A week with my kobo eReader

Look at that, the book I’m reading.

The first thing I thought upon picking up the Kobo Clara HD was, “Wow this is crazy lightweight.” Then I put it to sleep after loading the book I’m currently reading, and WTH??? The screen is the cover of the book I’m reading! What? No stupid typewriter keys? No old time-y pens arrayed to look like a cracked screen? I mean, what? Not only that, there’s a little info bar you can activate to show your progress on the book cover you’re seeing.

I know it’s a small thing, seeing the cover of the book you’re reading, but book covers are

1. often pretty nice, why not showcase them.

2. A great conversation starter. Your ereader is laying there, letting people know what you’re reading. As an author, I’ll take all the marketing I can get :)

3. if given the choice of book cover or weird fountain pen caps, I know what I’d choose, every time.


I mean it’s cool that Kindles are tied into Goodreads, but I think I’m happy to trade that for seeing what I’m reading. I’ve reinstalled the Goodreads app on my phone, so when I start something new I’ll have to at some point open the app and update my status. The ease of use the Kindle/Goodreads connection offers is also part of the problem. Goodreads was a place for readers to collect, and still is, but now it’s more a place for kindle readers to collect. It’d be nice if Kobo integrated (there is, surprisingly, an API) but I’m guessing there’s a reason they don’t.

Buying books is just as seamless as on amazon, and because Amazon is so aggressive with price matching, it’s unlikely you’ll find a book on Kobo that costs more than it’s counterpart on Amazon. A few minutes after purchase it’s on your device ready to be read.

Kobo, like Amazon, appears to let Publishers pick DRM or no. Kobo supports Adobe Digital Editions. Thankfully Calibre can strip that pointless crap with ease. It’s actually easier to strip than Amazon’s propriatary DRM schema. So that’s a bonus.

I don’t advocate pirating eBooks but advocate loudly that DRM is useless (See above) and harms the legitimate owner of content more than it even slightly inconveniences pirates. Thankfully it’s mostly the idiotic larger trad publishers that still think DRM makes sense, and I don’t buy much of their stuff.

Kobo Home screen

User Experience

Enjoyable is an understatement. I mean there’s not a lot you can do on a small eInk screen. You can see it looks similar to what Kindles offer.

It changes as you read things, updating reco’s etc. You can sign into Pocket, which is nice since I tend to hoard things in Pocket, forgetting to open the desktop app, maybe I’ll read more of my articles now LOL.

The screen is responsive and bright. The intelligent back lighting is nice. I know more recent Kindles have this, my 2018 Paperwhite did not. Not only does it shift brightness but color temperature.

My Progress in Annalee Newitz’s ‘Autonmous’

The other thing that’s kinda cool and I’m only just getting to dig into, is that you can see some neat graphs of your reading progress.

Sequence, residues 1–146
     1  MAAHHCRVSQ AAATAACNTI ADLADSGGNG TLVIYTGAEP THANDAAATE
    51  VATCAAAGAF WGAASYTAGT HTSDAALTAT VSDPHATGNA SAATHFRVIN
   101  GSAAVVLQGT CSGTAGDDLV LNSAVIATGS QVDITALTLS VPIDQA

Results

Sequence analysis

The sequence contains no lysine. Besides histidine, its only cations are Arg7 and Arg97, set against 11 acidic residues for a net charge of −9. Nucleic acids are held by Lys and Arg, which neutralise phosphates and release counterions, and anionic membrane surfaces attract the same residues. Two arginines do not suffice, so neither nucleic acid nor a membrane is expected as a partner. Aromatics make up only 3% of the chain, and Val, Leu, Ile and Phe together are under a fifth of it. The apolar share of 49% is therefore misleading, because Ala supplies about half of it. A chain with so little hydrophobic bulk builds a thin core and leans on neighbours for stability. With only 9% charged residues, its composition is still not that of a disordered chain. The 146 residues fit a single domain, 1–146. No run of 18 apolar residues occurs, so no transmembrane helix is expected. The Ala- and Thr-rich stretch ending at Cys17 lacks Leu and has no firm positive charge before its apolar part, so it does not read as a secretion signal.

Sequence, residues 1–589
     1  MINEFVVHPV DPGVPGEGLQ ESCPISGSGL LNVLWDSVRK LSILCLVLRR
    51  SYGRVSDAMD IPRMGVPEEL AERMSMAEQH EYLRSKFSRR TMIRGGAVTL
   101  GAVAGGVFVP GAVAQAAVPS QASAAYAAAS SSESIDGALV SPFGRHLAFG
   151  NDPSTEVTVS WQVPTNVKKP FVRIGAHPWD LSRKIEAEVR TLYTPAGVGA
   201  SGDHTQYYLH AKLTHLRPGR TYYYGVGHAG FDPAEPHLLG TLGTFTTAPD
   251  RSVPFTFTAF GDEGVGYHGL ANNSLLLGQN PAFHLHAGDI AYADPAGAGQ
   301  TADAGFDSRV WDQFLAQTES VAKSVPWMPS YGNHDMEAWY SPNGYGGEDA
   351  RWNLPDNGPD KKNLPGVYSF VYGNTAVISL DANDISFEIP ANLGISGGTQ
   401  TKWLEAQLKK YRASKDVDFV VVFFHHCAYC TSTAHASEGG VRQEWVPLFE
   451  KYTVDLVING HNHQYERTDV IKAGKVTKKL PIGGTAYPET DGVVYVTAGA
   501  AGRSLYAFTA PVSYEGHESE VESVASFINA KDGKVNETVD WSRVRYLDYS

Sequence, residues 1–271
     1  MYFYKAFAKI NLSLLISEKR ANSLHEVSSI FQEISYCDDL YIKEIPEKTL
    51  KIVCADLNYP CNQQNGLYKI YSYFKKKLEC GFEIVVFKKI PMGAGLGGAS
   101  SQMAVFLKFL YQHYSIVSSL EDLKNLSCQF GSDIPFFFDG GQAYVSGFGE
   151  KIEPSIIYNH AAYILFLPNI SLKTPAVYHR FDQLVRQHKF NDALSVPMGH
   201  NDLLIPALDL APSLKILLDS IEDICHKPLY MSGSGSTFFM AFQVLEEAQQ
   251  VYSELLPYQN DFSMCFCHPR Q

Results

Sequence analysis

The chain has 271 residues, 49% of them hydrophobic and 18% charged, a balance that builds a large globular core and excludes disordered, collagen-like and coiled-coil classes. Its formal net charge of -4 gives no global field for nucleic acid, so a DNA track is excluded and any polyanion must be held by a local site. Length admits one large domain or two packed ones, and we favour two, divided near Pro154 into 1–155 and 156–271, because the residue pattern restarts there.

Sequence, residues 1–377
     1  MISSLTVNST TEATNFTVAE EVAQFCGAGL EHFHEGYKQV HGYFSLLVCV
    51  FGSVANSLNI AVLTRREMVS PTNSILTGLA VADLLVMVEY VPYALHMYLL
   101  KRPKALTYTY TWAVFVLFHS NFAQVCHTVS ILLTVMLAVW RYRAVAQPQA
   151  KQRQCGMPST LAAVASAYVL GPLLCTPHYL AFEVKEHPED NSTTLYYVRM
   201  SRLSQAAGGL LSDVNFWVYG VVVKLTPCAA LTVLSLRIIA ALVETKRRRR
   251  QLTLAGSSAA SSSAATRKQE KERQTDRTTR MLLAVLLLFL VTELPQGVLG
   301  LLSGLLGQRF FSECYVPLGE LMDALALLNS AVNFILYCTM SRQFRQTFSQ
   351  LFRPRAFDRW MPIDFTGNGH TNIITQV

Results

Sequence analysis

Library Management

I like that on Device, the Kobo automatically has a “series” view so I can view my books by series. The Author view isn’t just a list of all books, sorted by author name like the Kindle (Unless I just never did it right). It’s a view of author names with the number of books by that author. So I can quickly go to Terry Brooks, then his books, for example.

Is my screen broken? No just fountain pen nibs…

Of course, there are also collections; I have Scifi, Fantasy, Writing, Business and Unread, as I did before, but now I don’t need to have a Star Wars collection, because I have the series view, likewise Star Trek, or the Frontiers Saga or Omega Force (which is sadly in Kindle Unlimited, so I’m done with that until Joshua Dalzelle takes it wide. ).

I’ve mentioned Calibre in this and my last post, it’s a great desktop tool for managing your ebook files. What’s nice is it has drivers for Amazon and Kobo devices (it seems the Kobo stuff offers more/better integration than Amazon firmware) so you can manage and organize your library then upload to your device. Collections and series data upload as well so when you go to your device, everything is already sorted. With my Kindle it would all dump to the main screen then I’d have to sort into the proper collections. Add to that of course It’d yell at me that my side loaded books wouldn’t sync.

Uploading to the Kobo has proven quite easy, I’m very happy so far with the experience.

Online Library Management

The one place where Kobo falls down is their online library. So long as you’re buying books on Amazon, you can assign them to a collection right from your account pages. It’s not perfect and you can only do it once, but it’s a great way to do initial sorting triage.

On kobo you see all your books and can archive them, that’s it. No organization of any type. You can download your books from that screen, so that’s about its only real use.

In Conclusion

It’s been a week, I’m happy with my choice, I don’t miss the Kindle, and while I’m sure to miss out on stuff that is Kindle Unlimited only, that’s just how it has to be. Thankfully my ebook library is thousands of books, many I’ve not yet read, and as many I’d read again happily.

By John Wilker

I'm a science fiction writer and conference organizer. In 2017 I published my first book, 'Space Rogues', a fun Sci-Fi adventure with a fun cast of characters. I'm also the co-founder of 360|Conferences, a conference and event logistics consulting company.

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